Below is a list of in-print works in this collection, presented in series order or publication order as applicable.
Twentieth-Century Literature in Retrospect
The essays collected here are divided into two groups: the first, concerned mainly with poets and novelists who have reached an almost canonical status; the second, dealing with earlier writers whose positions have been radically altered through interpretation and criticism of the past forty years.
Uses of Literature
“The life of a literary work depends on readers whose existence it confirms or (the valuable possibility) augments,” writes Monroe Engel. The essays collected here concern the related thesis that “the vitality of the literary enterprise is related to its usability, its capacity to strengthen or alter our options.” The first group of essays is theoretical—discussion of habit, originality, religious perspectives, and self-evaluation. The second group approaches specific issues and authors within the American context. The collection concludes with five essays on teaching literature to students whose previous literary exposure has been limited.
The Learned and the Lewed: Studies in Chaucer and Medieval Literature
Shakespeare: Aspects of Influence
The ten essays in this volume are devoted to various manifestations of Shakespeare’s influence, on individual writers and on the popular consciousness, from the early seventeenth century to the present.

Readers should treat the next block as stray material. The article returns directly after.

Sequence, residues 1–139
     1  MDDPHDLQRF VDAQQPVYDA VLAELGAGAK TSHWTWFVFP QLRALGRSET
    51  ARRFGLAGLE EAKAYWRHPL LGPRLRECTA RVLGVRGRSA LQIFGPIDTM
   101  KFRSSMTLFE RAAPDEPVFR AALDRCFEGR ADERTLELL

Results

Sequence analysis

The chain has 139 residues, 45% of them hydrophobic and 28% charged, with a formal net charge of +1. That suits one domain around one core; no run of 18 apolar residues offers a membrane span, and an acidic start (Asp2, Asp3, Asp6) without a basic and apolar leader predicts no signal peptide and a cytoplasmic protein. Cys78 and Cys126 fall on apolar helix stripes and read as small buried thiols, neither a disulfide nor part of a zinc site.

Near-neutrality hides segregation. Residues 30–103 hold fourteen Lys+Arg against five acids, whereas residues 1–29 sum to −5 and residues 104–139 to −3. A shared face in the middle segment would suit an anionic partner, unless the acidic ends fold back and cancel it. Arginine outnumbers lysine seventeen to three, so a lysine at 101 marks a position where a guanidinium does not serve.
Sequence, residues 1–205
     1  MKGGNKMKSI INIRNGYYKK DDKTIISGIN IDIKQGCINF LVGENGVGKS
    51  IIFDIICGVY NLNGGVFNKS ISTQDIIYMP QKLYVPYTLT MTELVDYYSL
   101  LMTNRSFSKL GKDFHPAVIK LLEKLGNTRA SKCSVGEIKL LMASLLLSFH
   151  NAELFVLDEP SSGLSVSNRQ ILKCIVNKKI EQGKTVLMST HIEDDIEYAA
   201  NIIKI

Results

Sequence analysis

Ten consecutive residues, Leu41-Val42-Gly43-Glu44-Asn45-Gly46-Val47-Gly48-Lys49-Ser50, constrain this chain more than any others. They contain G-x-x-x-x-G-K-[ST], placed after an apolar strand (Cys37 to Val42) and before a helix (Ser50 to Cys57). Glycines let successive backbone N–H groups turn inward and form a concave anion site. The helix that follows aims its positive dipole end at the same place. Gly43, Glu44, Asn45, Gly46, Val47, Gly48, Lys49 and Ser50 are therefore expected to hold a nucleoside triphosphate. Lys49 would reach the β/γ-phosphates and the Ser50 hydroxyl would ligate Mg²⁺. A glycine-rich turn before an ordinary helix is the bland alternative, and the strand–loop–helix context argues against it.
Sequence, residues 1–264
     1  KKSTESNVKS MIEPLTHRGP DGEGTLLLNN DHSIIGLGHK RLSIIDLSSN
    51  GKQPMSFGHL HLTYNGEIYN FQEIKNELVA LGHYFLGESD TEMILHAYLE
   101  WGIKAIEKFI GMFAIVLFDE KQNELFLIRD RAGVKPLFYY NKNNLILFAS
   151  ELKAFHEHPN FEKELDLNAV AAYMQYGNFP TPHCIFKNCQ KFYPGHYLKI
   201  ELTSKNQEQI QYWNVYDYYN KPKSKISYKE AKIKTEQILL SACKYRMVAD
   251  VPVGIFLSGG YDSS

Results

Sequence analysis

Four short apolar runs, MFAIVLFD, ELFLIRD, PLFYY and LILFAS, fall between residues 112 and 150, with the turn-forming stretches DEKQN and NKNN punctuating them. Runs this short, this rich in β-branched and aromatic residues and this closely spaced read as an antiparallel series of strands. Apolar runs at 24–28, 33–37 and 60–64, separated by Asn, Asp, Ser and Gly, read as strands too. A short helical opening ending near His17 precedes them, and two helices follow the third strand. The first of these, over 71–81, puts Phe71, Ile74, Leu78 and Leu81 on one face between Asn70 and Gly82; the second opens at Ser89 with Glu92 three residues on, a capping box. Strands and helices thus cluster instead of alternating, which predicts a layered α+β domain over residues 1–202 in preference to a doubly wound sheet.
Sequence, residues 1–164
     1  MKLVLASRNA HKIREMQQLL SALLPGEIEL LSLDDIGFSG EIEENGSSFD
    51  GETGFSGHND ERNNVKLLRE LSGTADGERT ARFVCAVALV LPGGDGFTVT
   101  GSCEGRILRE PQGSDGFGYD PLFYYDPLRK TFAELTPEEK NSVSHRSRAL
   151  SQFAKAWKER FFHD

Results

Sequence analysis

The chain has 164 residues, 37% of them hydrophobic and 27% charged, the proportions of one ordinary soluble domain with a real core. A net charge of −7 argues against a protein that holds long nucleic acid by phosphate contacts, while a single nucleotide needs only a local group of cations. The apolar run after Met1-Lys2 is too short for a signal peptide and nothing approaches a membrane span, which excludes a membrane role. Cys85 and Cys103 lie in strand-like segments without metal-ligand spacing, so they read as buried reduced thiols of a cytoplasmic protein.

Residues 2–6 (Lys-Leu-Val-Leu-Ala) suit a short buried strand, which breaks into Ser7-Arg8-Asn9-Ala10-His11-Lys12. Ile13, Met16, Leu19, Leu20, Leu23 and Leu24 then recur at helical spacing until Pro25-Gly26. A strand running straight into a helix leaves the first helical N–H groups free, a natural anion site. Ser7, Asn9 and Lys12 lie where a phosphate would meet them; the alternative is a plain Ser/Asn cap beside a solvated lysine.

Studies in Biography
Studies in Biography, a volume in the series Harvard English Studies, contains eleven essays which point to some of the new directions biography and biographical criticism have taken since the nineteenth century.
Allegory, Myth, and Symbol
The essays in this volume, ranging in time from the Middle Ages to the present and in subject from poetry to philosophy, explore the multiple interpretations of allegory, as well as the important distinctions among allegory, myth, and symbol.
Emerson: Prospect and Retrospect
Published to mark the centenary of his death, this book helps us take measure of the work and influence of one of America’s foremost thinkers, Ralph Waldo Emerson. These nine essays attempt both to come to terms with Emerson’s modernity and to look back at his origins and development. They suggest how extensively Emerson is linked to the present and show how firmly he was rooted in America’s past.
The thirteen essays in this volume range freely over the literature of the modernist period, from about the turn of the century to World War II. The contributors were invited to examine less familiar works—or aspects of the work—of major writers; to reconsider authors not usually thought of as modernist; or to explore received opinions about modernist theories and the assumptions that inform the literature of the time.
Johnson and His Age
Published in the bicentennial year of Samuel Johnson’s death, Johnson and His Age includes contributions by some of the nation’s most eminent scholars of eighteenth-century literature. It includes sections on Johnson’s life, major figures of the age, and the novel.
Renaissance Genres: Essays on Theory, History, and Interpretation